Cathay traffic remains hobbled by quarantines

Cathay Pacific cargo
(PHOTO: Shutterstock)

AirlinerCathay Pacific released its traffic figures for September 2021 that continued to reflect the airline’s substantial capacity reductions in response to significantly reduced demand as well as travel restrictions and quarantine requirements in place in Hong Kong and other markets amid the ongoing global COVID-19 pandemic.

Cathay Pacific trafficCathay Pacific carried a total of 131,774 passengers last month, an increase of 180 percent compared to September 2020, but a 94.6 percent decrease compared to the pre-pandemic level in September 2019. The month’s revenue passenger kilometres (RPKs) rose 158.7 percent year-on-year, but were down 92.1 percent versus September 2019. Passenger load factor increased by 20.9 percentage points to 45.8 percent, while capacity, measured in available seat kilometres (ASKs), increased by 40.4 percent, but remained 87.4 percent down on September 2019 levels. In the first nine months of 2021, the number of passengers carried dropped by 89.4 percent against a 71.7 percent decrease in capacity and an 85.9 percent decrease in RPKs, as compared to the same period for 2020.

The airline carried 130,997 tonnes of cargo and mail last month, an increase of 19.7 percent compared to September 2020, but a 24.1 percent decrease compared with the same period in 2019. The month’s revenue freight tonne kilometres (RFTKs) rose 22.3 percent year-on-year, but were down 14.3 percent compared to September 2019. The cargo and mail load factor increased by 3.8 percentage points to 79.7 percent, while capacity, measured in available freight tonne kilometres (AFTKs), was up by 16.4 percent year-on-year, but was down 29.6 percent versus September 2019. In the first nine months of 2021, the tonnage decreased by 5.5 percent against a 17.8 percent drop in capacity and a 7.3 percent decrease in RFTKs, as compared to the same period for 2020.

Cathay Pacific Group Chief Customer and Commercial Officer Ronald Lam. (PHOTO: Cathay Pacific)

Chief Customer and Commercial Officer Ronald Lam said: “Following on from August, our passenger business continued to see some improvement in September. Average daily passenger numbers were at similar levels to the previous month, while on 17 September we carried a total of 6,562 passengers, the highest total for a single day since late March 2020. Nevertheless, we still operated only approximately 13 percent of our pre-pandemic passenger capacity when compared to September 2019.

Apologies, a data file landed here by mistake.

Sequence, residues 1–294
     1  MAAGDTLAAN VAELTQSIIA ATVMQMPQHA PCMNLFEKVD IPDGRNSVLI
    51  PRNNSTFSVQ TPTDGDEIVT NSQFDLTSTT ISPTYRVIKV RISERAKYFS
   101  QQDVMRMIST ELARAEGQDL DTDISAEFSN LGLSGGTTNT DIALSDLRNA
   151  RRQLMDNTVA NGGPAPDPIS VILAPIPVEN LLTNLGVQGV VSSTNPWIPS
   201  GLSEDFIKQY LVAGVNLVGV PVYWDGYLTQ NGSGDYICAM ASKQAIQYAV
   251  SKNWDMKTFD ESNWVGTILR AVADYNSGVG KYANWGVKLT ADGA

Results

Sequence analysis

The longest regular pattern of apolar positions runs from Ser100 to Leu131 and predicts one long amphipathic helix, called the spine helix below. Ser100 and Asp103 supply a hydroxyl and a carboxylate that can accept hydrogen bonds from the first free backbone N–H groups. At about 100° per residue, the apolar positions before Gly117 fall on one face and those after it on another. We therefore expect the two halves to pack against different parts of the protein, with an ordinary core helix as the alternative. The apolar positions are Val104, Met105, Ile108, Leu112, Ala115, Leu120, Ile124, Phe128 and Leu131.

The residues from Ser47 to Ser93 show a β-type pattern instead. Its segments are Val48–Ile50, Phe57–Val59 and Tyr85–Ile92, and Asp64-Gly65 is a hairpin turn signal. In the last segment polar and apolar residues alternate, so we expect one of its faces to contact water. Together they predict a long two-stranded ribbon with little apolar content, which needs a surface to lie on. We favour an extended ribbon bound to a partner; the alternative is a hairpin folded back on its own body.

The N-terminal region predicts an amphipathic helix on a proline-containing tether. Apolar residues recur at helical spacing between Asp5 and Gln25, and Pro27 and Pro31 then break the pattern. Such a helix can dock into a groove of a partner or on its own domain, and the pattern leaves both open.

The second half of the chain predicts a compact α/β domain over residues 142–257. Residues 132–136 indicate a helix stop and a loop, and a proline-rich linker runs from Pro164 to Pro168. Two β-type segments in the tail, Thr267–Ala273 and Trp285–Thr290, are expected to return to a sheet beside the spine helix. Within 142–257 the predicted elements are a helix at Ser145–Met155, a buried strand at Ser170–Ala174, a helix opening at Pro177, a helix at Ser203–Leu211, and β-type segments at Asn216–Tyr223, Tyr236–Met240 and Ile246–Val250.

“Student traffic from the Chinese Mainland continued to contribute strongly to the performance of our passenger business. As was anticipated, demand for student travel to the US was strong at the beginning of the month, but tapered down before being overtaken by growing student traffic from Hong Kong and the Chinese Mainland to the UK. Besides, passengers travelling within Asia via Hong Kong was also a key driver for demand. In contrast, passenger demand for flights into Hong Kong remained very weak due to the strict quarantine requirements.

Cathay Pacific
Cathay and other airlines are relying on cargo shipments to stay alive. (PHOTO: Cathay Pacific)

“Cargo demand continued to grow as we stepped into the traditional cargo peak season. To meet this demand, we operated our freighter fleet at peak capacity throughout September, further supplemented with additional cargo-only passenger flight operations, which surged 20 percent compared to August. Overall, we managed to operate approximately 70 percent of our pre-pandemic cargo capacity when compared to September 2019.

“Overall tonnage grew month-on-month by more than 5 percent to 130,997 tonnes – the most cargo we’ve carried in a single month since the start of the COVID-19 pandemic. Strong performances were recorded across our network, with our home market Hong Kong and a number of Southeast Asian countries achieving record revenues in September. Our time-sensitive Priority LIFT product, as well as our charter and “preighter” solutions, have also seen keen interest from customers.

Airlines and lessors around the world are converting passenger planes to freighters. (PHOTO: Airbus)

“Looking ahead to October, on the passenger side student traffic to London continued into early in the month. Meanwhile, we are continuing to monitor and assess the potential opportunities for demand from the relaxation of quarantine requirements for travellers flying to various markets, most notably the US. “Regarding cargo, demand continues to be robust driven by the movement of new consumer products and the urgent need for inventory replenishment due to supply chains remaining constrained. To meet these challenges, our worldwide teams have been working diligently to provide more capacity and expand our network for our customers whilst continuing to meet the ongoing operational challenges posed by the COVID-19 pandemic.”

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